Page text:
Life After Deathly Hollows
|Title:||Life After Deathly Hollows|
|Date(s):||August 18, 2007|
|Medium:||online transcript, podcast|
|External Links:||transcript online here; WebCite|
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The end of canon is always a bittersweet experience. The ending of the story, the tying up of the loose ends, the answering of the questions, causes us to go back and reevaluate the series as a whole. With each new chapter of the Harry Potter series, our expectations were raised. The more we became involved in fandom, whether through fic, art, or discussions, the more invested we became in certain characters, certain story lines or themes. "Deathly Hallows" ends our speculation and is a somewhat cruel reminder that we are not JK Rowling. It's her story, not ours, and she gets to tell it the way she wants. Yet the books are ours, too. Now that Ms. Rowling has finished writing, she has bequeathed her beloved books to us, the readers, and we are now truly free to do with it whatever we will. She no longer gets to tell us what happens or what it all means. We get to have our way with the books, and quite frankly, she doesn't have any say in the matter!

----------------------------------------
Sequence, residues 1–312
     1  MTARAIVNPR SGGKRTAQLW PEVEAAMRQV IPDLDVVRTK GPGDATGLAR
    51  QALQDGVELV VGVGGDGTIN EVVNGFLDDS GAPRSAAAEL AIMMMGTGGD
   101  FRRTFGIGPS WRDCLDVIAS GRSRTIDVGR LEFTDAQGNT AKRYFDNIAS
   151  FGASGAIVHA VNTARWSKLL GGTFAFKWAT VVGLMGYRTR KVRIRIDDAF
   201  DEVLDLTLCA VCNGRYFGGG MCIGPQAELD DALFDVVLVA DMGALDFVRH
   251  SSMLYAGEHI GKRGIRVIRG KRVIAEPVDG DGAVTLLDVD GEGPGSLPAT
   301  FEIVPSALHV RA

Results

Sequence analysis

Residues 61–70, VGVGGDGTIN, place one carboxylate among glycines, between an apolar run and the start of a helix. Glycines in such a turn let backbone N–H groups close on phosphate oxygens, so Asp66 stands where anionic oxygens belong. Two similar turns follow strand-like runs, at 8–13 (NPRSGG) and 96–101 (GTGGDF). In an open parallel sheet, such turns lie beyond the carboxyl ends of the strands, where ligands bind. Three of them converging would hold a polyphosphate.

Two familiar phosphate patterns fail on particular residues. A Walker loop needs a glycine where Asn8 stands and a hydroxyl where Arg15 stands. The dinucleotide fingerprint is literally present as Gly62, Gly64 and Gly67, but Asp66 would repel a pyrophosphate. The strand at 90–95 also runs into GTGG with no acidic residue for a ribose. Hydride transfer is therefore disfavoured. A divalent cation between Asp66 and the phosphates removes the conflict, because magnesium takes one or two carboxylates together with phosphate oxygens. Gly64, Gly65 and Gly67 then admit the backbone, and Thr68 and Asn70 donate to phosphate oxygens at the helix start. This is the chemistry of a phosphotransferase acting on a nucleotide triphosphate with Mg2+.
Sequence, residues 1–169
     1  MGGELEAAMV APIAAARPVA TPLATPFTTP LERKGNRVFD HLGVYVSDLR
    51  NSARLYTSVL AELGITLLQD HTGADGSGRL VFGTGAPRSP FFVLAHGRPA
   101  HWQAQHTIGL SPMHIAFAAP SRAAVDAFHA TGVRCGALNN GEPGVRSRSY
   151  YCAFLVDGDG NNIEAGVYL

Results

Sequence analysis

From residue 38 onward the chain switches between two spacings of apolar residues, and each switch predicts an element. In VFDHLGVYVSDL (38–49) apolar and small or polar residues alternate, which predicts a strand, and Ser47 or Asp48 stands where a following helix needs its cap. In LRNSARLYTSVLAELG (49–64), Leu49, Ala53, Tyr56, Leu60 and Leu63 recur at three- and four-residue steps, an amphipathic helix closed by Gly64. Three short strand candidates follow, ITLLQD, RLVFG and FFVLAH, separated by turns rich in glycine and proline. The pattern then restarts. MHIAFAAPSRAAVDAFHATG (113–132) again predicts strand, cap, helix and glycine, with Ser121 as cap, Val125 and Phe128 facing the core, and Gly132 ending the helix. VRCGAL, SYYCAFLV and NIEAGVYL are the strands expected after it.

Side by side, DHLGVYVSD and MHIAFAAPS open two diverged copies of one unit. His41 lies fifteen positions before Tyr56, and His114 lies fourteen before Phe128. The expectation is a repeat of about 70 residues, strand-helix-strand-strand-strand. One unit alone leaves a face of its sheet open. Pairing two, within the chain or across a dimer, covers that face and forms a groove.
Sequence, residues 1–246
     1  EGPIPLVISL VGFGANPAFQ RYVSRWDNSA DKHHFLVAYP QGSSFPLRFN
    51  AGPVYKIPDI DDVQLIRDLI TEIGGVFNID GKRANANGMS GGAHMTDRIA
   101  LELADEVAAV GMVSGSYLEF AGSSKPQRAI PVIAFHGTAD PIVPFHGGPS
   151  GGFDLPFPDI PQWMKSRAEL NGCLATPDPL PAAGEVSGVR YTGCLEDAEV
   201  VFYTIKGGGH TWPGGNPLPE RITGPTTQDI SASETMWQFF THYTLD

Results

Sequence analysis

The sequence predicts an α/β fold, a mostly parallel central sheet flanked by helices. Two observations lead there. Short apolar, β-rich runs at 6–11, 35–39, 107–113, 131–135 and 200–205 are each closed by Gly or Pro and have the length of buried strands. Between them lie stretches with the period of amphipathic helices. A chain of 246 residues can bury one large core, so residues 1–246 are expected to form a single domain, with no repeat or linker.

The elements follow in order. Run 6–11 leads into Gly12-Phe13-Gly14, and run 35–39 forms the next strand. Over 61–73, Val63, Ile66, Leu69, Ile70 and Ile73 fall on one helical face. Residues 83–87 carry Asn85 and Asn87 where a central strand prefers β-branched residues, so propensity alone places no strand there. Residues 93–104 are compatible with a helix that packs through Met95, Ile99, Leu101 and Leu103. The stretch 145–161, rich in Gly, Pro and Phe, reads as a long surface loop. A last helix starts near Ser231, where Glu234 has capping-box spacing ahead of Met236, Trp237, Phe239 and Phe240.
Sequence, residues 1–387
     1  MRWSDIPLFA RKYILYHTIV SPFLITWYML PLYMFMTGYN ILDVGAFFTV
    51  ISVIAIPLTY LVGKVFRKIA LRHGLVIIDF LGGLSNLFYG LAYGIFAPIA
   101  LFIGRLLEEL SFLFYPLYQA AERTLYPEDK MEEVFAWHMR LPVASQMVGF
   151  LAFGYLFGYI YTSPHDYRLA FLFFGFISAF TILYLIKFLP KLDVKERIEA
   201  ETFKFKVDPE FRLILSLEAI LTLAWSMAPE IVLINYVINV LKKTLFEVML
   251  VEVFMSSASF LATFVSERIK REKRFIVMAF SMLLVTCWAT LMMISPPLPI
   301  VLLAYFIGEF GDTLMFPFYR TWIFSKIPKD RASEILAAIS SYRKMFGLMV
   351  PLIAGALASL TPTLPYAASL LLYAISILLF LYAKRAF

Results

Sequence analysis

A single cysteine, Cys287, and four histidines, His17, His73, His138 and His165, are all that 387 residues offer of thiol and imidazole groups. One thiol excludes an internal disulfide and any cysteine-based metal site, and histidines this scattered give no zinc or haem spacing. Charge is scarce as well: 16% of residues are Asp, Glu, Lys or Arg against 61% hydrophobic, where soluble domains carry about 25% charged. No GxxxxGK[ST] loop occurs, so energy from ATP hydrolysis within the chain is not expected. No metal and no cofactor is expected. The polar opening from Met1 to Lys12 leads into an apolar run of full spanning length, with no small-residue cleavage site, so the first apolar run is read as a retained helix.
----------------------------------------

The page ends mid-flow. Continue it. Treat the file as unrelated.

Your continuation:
But in the middle of all the excitement and melodrama, as I read the book I kept thinking, "This is Rowling's gift to the fans." She as good as handed fandom to us on a silver platter. Of course some plot threads were inevitably tied up, but she left so much open for us to explore. There were storylines that we only caught glimpses of: like the student rebellion at Hogwarts, Lee Jordan's illegal radio program, the takeover of the Ministry of Magic, and the underground resistance. Other storylines raised more questions than answers, like that whole Lupin/Tonks thing. And what was going on in Draco's mind throughout the book? As for shippers, as far as I'm concerned, Ms. Rowling provided plenty of wind for any ship to keep sailing, whether it was Harry/Hermione or Harry/Draco. Snape and Lupin or Snape and Harry. Luna and...well, everyone. As for the many deaths, well, they for the most part happened so quickly that any one of them could be easily reversed. After all, Ms. Rowling herself left that resurrection stone just lying around in the Forest. It's as if she wants us fans to go out there and find it.
In this final book of the Harry Potter series, Ms. Rowling is the master manipulator like Dumbledore. She gets to tell the story her way. But like Dumbledore mentoring Harry, she left a host of obscure clues for us to decipher, and scant instructions for figuring out how it's all supposed to fit together. It's up to us to work it all out for ourselves, and what we do with her books now will say more about us than it does about her. This is her gift to us. She's handing the legacy over to her fans. Each of us is now the Headmaster of Hogwarts. I look forward to seeing what happens next!